Categories
Business Travel Travel Management

How Christopherson Reduces Travel Costs

You most likely know that partnering with a travel management company will streamline your travel experience. Your company will also be more organized with easy access to all your information. And the added peace of mind for the security and communication with your traveling employees doesn’t hurt either.  But the additional question we’re frequently asked is – how is Christopherson going to save my company money? Well let’s talk through some of the main ways that we are able to reduce travel costs for our clients.

How Christopherson reduces travel costs for our clients

  • Our AirPortal technology allows our clients to track just about everything. Our new clients often discover that they’ve been previously losing money without even realizing it. Sometimes it’s black holes within compliance. Our AirPortal dashboard provides a top-level view of travel management programs, often providing insight into previously unknown areas of your travel program. By providing a transparent look at your travel program, you can fully understand ways it’s working, but also areas for improvement.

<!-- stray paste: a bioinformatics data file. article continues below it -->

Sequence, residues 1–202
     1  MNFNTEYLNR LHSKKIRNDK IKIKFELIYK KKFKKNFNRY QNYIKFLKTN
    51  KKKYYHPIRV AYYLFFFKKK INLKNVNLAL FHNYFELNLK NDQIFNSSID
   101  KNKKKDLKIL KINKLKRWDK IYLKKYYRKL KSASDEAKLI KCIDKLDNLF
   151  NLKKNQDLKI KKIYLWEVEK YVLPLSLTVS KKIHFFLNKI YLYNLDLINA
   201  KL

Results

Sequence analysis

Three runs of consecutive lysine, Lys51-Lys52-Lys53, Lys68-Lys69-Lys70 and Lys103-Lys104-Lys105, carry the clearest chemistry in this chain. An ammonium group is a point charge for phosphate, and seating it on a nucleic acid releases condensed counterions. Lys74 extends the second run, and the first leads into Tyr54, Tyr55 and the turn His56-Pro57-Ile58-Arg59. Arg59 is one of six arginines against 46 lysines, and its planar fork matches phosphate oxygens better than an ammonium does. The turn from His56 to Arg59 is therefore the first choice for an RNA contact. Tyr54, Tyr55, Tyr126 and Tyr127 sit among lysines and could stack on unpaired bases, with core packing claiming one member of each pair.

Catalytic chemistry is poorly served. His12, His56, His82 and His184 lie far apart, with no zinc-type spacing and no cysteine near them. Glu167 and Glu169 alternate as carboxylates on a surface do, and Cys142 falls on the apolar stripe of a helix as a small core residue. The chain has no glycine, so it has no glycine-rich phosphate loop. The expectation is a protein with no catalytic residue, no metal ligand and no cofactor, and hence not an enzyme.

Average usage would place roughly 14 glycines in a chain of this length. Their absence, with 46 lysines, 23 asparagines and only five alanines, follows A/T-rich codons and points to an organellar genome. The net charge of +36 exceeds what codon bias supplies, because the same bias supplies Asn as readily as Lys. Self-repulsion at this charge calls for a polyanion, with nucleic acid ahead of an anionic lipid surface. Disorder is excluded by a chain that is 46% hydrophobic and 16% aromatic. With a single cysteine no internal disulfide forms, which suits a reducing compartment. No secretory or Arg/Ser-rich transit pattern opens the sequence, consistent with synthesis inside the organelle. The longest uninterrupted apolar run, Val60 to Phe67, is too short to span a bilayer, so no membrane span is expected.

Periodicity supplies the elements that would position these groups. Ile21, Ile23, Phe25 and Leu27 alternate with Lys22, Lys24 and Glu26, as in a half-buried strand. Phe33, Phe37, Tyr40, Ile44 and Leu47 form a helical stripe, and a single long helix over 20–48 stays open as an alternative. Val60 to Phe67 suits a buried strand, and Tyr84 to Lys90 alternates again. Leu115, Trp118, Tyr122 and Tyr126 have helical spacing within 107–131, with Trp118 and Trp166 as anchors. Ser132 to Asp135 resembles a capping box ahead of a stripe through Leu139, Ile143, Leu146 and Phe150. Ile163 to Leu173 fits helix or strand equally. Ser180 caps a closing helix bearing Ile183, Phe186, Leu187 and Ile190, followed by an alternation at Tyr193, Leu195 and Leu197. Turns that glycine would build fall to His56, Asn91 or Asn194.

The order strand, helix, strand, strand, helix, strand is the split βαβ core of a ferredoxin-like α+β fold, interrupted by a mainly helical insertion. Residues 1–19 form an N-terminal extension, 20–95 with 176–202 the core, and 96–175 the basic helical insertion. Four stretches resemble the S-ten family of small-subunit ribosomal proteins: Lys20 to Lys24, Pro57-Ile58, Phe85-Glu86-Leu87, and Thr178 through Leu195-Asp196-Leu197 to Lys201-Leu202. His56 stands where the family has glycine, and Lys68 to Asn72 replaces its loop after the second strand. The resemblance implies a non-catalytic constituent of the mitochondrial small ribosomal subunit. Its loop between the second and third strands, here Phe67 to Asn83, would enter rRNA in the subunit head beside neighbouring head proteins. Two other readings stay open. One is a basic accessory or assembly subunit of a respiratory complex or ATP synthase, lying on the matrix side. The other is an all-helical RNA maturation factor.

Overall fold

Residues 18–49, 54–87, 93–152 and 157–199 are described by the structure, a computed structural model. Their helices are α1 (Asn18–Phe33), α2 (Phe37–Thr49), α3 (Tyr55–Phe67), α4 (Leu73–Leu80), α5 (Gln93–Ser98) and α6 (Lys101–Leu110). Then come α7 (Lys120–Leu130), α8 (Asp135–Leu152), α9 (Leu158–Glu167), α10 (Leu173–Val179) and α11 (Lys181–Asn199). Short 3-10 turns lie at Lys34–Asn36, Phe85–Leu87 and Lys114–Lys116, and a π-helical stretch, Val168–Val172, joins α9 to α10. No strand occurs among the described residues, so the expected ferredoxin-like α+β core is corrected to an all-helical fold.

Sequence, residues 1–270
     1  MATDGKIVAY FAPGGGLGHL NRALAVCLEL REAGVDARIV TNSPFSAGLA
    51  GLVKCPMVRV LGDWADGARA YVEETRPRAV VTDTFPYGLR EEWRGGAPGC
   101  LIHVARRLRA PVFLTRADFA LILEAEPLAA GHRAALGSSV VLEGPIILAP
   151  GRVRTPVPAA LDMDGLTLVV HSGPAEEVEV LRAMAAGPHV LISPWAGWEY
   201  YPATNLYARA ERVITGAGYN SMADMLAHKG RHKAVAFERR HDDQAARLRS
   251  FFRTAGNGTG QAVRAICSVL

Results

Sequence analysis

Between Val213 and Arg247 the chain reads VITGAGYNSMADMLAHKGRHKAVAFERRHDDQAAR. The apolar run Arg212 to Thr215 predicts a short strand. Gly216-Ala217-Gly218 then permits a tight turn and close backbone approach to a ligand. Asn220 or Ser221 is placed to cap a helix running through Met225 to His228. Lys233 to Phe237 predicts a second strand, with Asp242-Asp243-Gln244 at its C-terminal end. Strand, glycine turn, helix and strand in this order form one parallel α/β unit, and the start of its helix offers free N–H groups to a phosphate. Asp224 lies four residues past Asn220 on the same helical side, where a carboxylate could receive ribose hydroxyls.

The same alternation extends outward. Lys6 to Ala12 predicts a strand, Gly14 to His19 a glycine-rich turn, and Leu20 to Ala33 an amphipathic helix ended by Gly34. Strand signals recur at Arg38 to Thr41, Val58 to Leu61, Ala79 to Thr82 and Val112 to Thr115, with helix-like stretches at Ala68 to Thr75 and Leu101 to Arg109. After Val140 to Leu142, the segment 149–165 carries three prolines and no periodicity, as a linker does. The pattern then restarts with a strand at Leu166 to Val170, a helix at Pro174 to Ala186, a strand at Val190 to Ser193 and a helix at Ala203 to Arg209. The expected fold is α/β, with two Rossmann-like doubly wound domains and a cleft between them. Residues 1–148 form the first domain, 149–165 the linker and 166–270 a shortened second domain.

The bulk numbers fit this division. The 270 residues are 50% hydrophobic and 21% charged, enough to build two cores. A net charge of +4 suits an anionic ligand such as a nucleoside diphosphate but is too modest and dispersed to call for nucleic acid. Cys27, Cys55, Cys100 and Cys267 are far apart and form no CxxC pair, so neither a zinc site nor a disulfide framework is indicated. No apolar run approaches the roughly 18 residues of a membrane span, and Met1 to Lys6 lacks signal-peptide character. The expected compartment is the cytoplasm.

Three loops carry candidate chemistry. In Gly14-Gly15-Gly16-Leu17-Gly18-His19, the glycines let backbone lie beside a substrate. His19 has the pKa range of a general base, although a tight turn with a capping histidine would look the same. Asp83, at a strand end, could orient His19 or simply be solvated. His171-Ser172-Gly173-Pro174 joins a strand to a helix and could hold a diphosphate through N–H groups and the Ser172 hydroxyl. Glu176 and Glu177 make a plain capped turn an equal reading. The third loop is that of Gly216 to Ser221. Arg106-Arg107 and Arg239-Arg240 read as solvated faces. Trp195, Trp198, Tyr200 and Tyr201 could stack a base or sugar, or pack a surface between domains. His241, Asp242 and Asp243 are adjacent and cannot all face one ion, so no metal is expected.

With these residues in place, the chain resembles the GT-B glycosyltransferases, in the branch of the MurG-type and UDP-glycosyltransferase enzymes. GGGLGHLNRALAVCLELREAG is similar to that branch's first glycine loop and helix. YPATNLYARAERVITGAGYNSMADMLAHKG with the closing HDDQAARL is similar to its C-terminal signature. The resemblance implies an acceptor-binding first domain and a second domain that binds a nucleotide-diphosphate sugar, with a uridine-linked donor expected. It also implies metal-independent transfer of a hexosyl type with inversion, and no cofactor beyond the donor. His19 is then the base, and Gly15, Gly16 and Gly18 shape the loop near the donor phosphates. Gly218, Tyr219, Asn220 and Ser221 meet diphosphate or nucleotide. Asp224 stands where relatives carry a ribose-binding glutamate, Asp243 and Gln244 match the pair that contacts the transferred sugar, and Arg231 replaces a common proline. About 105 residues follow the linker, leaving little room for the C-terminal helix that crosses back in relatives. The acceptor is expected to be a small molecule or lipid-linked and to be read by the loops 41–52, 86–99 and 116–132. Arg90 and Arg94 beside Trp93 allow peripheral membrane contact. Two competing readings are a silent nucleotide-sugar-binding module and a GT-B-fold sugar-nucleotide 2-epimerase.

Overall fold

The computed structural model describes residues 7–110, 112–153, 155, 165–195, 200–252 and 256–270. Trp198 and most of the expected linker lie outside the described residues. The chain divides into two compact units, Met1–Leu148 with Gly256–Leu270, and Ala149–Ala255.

• Part of the AirPortal suite includes our AirBank technology tool. It tracks all unused air tickets, ensuring you never miss out.
  • Our experienced account management team. As part of their role as your designated account manager, they will always be on the lookout for ways to additionally save your company extra money.
  • Superior vendor relationships. One way our account managers provide above and beyond cost savings, is with their various vendor relationships. Through our connections, we can pass on great deals and contracts to our clients, ultimately saving you money.
  • Our relationship with airlines. One of our favorite tricks is passing on discounts we personally get from the airlines directly to our clients.